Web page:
The University of Pennsylvania’s Wharton School said Wednesday that its incoming MBA class will be majority women for the first time in the school’s 140-year history.
Nearly 52 percent of the Class of 2023 will be women, a 10 percent increase from last year as the school looks to promote diversity and inclusion efforts throughout its program, according to a Wednesday press release.
The milestone also makes Wharton the first of the so-called “M7” elite MBA programs to admit more women than men, The Wall Street Journal noted Wednesday.
The other M7 schools are the Harvard Business School, the Stanford Graduate School of Business, the MIT Sloan School of Management, Northwestern University's Kellogg School of Management, the University of Chicago's Booth School of Business and the Columbia Business School.
Wharton on Wednesday attributed the gains to moves made in recent years by its dean, Erika James, and deputy dean, Nancy Rothbard.
James, the first woman ever appointed to lead the prestigious business school, called the boost in female enrollment a “landmark achievement,” which she added “demonstrates Wharton’s commitment to providing a diverse and representative community for our students.”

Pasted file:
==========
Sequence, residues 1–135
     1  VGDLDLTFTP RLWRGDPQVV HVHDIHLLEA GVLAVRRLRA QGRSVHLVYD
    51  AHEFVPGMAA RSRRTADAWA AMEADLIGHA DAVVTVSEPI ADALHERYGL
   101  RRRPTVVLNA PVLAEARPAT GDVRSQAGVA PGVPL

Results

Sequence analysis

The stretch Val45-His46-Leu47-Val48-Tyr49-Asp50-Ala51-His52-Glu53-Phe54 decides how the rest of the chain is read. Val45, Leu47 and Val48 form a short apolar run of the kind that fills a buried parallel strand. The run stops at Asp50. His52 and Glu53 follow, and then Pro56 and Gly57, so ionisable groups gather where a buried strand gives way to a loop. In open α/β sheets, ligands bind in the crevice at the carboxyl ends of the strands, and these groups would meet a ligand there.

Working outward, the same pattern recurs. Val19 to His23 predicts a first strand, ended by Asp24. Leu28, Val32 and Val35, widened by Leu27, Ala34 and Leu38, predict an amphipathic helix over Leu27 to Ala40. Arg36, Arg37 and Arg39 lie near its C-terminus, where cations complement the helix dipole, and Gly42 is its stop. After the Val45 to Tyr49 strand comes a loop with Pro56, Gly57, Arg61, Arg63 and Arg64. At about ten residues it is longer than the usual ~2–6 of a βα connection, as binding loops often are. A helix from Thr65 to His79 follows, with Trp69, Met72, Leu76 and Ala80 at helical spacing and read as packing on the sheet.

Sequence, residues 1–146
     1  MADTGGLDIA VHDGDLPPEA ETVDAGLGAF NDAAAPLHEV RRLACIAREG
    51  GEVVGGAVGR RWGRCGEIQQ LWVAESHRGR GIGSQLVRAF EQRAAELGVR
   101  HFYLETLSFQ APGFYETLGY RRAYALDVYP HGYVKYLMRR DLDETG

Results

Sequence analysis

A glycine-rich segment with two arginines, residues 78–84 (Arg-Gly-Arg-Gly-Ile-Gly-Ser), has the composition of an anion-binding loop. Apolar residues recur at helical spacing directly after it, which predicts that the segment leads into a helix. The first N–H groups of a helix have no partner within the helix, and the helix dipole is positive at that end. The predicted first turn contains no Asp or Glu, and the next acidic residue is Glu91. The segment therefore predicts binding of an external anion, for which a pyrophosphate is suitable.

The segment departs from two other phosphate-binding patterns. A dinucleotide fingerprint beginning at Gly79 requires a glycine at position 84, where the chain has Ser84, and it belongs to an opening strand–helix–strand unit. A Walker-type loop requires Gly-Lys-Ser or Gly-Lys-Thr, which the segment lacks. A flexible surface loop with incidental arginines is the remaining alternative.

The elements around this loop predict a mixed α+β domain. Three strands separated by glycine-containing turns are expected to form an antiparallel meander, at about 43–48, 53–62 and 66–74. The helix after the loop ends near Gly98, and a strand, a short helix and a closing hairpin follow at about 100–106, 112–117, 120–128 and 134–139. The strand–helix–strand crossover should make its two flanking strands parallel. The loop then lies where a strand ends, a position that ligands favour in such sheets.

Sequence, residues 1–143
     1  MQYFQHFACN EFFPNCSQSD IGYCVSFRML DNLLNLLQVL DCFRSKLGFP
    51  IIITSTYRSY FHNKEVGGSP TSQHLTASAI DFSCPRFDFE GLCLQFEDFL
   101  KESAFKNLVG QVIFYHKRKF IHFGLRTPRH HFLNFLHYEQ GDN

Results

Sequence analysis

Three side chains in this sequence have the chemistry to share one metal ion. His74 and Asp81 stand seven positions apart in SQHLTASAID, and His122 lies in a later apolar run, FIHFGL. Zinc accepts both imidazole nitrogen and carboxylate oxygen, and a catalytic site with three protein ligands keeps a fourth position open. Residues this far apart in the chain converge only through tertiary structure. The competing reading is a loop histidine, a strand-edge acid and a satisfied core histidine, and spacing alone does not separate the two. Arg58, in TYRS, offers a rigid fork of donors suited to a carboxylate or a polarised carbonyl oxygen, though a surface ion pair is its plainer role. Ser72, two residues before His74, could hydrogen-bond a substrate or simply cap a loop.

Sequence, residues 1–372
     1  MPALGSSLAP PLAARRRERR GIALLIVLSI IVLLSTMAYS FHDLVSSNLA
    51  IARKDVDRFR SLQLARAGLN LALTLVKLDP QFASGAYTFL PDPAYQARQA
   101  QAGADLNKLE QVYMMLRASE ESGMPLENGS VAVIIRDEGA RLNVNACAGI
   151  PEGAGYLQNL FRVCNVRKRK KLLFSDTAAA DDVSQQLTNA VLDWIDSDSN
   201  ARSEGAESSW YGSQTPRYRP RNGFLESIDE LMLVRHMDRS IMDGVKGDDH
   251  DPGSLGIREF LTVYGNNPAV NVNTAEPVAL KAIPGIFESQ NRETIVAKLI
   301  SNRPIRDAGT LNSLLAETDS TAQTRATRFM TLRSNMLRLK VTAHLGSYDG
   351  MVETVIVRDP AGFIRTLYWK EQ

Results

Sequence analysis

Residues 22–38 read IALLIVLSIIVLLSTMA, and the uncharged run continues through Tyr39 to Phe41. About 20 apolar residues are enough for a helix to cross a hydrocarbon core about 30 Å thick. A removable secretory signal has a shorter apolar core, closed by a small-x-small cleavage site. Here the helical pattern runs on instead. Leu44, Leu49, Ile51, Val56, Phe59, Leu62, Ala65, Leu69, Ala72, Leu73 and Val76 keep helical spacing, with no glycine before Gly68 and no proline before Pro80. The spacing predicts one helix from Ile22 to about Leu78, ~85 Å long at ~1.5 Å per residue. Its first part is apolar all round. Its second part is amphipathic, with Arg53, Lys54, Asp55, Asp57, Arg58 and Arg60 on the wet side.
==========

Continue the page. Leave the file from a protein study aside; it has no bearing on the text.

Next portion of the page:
“As a female leader, I understand firsthand the significant impact that experiencing meaningful gender representation can have on women as they chart their careers,” she said. “I also note the sobering reality that, even in 2021, women still command a small percentage of leadership positions in the corporate arena."
“If industry truly desires its organizations—and the leadership within them—to reflect the world around us, we must improve the diversity of the pipeline of future business leaders,” she said. “In short, this crucial work must start here.”
Maryellen Reilly, deputy vice dean of Wharton’s MBA program, said Wednesday, “As we do every year, we made a conscious effort to ensure female applicants felt wanted and welcomed at Wharton, and showed them the many resources and communities in our program where they can connect, collaborate and feel supported.”
“While we are extremely proud to welcome this record number of women to our MBA community this year, we do hope that equitable gender representation soon becomes the norm among business schools, rather than the exception,” Reilly explained.
In addition to the surge in female representation, Wharton also said that LGBTQ+ representation reached an all-time high, with 7 percent of the Class of 2023 identifying as members of the community.
The incoming class’ average GMAT score also reached 733, the highest ever recorded among a first-year class at Wharton.
Updated at 11:34 a.m.